Hmong: Hmong Language Added To SBS Radio Schedule
The Hmong is amongst six languages that have been added to a new line-up on the popular Australian broadcasting association.
Below is an article published by SBS:
Six new languages have been added to the SBS Radio schedule as part of a new line-up that starts today.
There are three new African language programs in Swahili, Dinka and Tigrinya. The Asian languages of Malayalam, Hmong and Pashto make up the other three.
Program presenter Gode Migerano says a radio program for the 7,000 Swahili speakers in Australia has been "a long time coming".
"Many people have missed out on news from back home and even local news, because the majority may not be able to understand English, or if they understand it they cannot get proper information through it."
He says the addition of such a program will benefit elderly migrants and refugees who may speak only a little English.
It will also be a means for younger generations to stay in touch with their culture.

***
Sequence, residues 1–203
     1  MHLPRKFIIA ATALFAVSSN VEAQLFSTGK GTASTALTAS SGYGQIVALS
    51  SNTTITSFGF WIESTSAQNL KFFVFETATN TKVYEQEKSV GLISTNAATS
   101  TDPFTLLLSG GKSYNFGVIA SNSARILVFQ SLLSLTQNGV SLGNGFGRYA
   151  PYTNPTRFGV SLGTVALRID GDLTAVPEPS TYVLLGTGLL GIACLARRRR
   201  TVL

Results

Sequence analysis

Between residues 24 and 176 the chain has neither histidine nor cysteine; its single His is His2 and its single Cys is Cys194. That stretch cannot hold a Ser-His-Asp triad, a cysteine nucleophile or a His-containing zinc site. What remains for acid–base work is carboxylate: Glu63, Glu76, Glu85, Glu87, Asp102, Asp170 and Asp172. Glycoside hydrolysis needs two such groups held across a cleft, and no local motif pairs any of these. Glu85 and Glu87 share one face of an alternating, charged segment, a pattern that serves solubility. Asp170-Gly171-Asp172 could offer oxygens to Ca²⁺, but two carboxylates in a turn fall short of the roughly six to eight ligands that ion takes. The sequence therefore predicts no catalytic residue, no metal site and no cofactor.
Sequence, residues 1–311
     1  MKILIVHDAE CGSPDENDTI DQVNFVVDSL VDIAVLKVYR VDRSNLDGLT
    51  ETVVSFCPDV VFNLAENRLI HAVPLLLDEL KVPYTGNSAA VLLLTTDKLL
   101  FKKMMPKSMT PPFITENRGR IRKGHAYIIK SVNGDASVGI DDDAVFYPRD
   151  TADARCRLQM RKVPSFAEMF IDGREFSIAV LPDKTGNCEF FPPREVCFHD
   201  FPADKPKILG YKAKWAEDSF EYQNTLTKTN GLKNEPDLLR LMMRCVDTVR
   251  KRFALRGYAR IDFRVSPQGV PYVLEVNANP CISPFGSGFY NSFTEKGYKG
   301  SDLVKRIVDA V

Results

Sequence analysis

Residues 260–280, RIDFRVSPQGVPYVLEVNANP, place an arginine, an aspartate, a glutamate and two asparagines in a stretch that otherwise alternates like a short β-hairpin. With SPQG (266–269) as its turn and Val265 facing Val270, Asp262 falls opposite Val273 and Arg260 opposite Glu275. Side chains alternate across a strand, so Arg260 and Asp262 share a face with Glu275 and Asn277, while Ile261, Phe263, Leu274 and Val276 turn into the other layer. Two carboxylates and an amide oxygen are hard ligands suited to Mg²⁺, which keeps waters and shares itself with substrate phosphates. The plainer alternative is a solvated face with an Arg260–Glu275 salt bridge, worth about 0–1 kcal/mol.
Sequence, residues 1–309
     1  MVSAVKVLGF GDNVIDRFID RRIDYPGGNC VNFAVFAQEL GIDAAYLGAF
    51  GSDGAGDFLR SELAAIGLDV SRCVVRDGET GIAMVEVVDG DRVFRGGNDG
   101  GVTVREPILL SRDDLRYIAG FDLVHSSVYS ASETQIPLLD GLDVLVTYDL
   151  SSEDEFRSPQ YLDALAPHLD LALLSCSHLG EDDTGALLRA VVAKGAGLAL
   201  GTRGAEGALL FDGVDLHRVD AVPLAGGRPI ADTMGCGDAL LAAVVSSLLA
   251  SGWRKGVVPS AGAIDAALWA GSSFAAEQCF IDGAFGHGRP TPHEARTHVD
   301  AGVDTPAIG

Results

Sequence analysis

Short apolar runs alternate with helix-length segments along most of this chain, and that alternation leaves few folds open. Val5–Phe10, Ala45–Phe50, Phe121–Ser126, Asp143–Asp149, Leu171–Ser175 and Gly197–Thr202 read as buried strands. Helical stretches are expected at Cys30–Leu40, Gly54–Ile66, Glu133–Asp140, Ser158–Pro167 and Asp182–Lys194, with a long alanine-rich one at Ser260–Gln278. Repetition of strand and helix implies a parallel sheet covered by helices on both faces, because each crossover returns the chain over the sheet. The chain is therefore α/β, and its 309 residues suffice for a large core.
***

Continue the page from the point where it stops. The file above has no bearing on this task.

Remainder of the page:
"I think the elderly will benefit from the program because they are more attuned to news and they're keen to find out what's happening back home, but I think there's also something for the young people as well," Mr Migerano said.
Mr Migerano says he'll explore positive news stories within the community as well as tougher issues such as the trauma of war and displacement.
"There will be a lot of good information just like they are used to back home. The only slight difference is it produced here in Australia, for the community, by the community."
The changes mean the total number of language programs broadcast by SBS Radio will rise from 68 to 74.
SBS Audio and Language Content Director Mandi Wicks says content within each of the new language programs will focus on local communities.
"We feel that it's incredibly important that they have a language service which is truly balanced and impartial, and also focuses on Australia: so, Australian stories about the community in Australia, or looks at the rest of the world through the eyes of the community in Australia," she says.
"It's quite a unique point of difference."
Changes to the schedule were based on details gathered in the 2011 Census, Ms Wicks says.
"We used information like household income, recentness of arrival, English proficiency and we determined which languages are the most high-need in Australia when it comes to needing a language service."
In order to make room for the additional programs, some language groups have had their broadcast hours reduced.